Zidane would have been most people's favourite for France with his huge contribution to the World Cup win of 1998 and the Euro triumph of 2000, heading off Platini, the beautifully acute inspiration of the nation's first major tournament win, in the European Championship of 1984, and today's sensation, Thierry Henry, the favourite to be voted the world's outstanding player.
But the French, like the Germans, turned their minds back to earlier days, when an extraordinary standard was set by Just Fontaine in the 1958 World Cup of Sweden. Fontaine finished the tournament with a four-goal blitzkrieg of the Germans in the game for the third place - earlier he had scored three against Paraguay, two against Yugoslavia, one against Scotland, two against Northern Ireland, and one against Brazil in the semi-final.
That was 13 goals in six games, two better than the previous mark set by Sandor Kocsis of Hungary four years earlier. Fontaine, as it happened, was beautifully served by the haunting talent of Raymond Kopa, who moved on, spectacularly, to Real Madrid. But the French federation declared that Fontaine had rampaged his way to permanent glory, and their voting was the pattern adopted by so many national bodies. Was this a sign of old men nursing their memories, or a commendable effort to cast aside the celebrity market of today?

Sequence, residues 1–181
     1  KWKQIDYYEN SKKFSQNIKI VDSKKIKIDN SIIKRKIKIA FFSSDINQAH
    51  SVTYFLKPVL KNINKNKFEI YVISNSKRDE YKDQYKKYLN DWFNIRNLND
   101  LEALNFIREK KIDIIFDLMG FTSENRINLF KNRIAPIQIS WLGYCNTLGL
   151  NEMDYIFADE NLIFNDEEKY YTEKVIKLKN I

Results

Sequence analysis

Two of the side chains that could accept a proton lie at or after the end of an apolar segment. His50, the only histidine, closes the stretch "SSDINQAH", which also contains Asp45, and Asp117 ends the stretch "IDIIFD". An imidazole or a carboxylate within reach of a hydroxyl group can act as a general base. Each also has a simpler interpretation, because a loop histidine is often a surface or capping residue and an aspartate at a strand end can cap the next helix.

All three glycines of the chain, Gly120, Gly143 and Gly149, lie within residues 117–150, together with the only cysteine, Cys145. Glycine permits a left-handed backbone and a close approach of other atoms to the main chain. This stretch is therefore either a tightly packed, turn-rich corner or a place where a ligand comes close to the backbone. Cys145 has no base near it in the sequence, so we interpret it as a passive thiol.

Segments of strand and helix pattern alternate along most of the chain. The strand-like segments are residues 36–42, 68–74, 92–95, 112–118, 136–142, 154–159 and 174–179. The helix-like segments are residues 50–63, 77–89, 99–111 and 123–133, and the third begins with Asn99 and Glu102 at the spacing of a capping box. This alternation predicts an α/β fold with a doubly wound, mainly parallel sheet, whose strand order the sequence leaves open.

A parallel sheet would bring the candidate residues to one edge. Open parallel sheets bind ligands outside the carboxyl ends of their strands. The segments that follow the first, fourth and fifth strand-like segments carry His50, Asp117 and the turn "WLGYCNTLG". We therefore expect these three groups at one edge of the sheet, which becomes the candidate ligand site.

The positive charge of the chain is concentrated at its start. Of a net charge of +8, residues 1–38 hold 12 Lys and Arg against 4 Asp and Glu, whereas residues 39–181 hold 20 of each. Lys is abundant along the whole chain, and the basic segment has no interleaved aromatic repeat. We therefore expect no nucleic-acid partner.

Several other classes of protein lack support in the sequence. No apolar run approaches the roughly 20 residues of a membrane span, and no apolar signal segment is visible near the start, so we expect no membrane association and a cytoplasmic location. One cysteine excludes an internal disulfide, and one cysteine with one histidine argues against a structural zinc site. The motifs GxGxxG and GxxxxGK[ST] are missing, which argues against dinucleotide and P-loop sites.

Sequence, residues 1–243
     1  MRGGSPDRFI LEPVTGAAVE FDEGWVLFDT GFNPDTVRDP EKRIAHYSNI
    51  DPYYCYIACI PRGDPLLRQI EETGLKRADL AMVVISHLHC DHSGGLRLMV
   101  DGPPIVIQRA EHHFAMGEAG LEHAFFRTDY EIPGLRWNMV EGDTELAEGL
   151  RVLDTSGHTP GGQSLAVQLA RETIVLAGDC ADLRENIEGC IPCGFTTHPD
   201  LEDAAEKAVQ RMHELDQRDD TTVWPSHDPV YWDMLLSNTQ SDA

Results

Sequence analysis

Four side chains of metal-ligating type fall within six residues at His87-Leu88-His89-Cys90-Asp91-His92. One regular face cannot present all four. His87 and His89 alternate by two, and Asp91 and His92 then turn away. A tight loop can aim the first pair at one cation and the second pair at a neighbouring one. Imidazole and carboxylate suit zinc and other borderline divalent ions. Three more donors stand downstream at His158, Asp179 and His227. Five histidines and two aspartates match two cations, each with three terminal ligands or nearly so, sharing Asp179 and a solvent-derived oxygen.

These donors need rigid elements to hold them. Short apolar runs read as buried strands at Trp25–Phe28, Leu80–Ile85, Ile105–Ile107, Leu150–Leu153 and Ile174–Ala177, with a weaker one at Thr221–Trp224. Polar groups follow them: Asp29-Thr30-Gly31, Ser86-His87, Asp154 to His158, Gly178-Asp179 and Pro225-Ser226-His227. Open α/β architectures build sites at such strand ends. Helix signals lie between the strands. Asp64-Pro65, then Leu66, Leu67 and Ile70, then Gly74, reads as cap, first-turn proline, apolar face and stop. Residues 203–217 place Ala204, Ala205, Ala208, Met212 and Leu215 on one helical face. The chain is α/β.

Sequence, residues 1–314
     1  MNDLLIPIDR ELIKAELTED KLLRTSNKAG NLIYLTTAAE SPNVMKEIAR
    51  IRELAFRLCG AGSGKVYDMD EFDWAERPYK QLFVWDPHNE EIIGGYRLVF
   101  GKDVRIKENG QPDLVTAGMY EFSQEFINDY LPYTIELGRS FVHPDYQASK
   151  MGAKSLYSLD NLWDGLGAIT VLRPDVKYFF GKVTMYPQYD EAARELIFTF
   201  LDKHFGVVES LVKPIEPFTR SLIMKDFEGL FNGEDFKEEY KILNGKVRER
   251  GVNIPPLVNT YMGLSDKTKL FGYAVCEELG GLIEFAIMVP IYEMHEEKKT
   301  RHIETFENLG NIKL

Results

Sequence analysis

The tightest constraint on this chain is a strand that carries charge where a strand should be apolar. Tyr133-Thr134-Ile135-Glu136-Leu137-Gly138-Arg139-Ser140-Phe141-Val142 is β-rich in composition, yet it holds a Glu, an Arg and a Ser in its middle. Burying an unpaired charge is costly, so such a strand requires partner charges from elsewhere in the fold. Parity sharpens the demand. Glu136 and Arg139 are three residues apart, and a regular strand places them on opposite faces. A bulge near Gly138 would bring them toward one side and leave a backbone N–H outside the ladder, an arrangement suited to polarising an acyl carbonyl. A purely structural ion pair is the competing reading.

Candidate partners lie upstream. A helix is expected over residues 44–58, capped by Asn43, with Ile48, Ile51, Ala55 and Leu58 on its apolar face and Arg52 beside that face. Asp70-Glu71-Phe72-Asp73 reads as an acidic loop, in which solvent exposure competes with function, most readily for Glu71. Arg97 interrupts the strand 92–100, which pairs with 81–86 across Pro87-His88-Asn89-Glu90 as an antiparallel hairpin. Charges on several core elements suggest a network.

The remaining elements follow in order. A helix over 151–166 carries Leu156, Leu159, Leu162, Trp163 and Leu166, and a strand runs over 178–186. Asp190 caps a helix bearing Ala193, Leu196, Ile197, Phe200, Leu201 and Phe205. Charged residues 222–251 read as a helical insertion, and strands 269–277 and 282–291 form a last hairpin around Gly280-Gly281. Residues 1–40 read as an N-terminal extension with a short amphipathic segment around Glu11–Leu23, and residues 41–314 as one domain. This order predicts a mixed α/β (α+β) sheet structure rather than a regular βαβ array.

The Irish Republic, as part of the pattern, looked beyond the boiling controversies and warrior zeal of Roy Keane, and went back to the craft and generalship of Johnny Giles. The Scots, of course, had little choice; their best talent is a matter of lengthening memory, and the prodigious Mackay and the sublime Jim Baxter and Kenny Dalglish must have been the strongest rivals to the winner, the electric Denis Law.
Most notably, Sweden elected to live with the latest headlines. They nominated the Prince of Glasgow, Celtic's Henrik Larsson, scorer of a phenomenal 157 League goals in 198 games. But then, how does that compare with the great Viking Gunnar Nordahl, who left the essentially amateur game of Sweden for Milan and proceeded to score 225 in 257 games in the home of the "bolted door".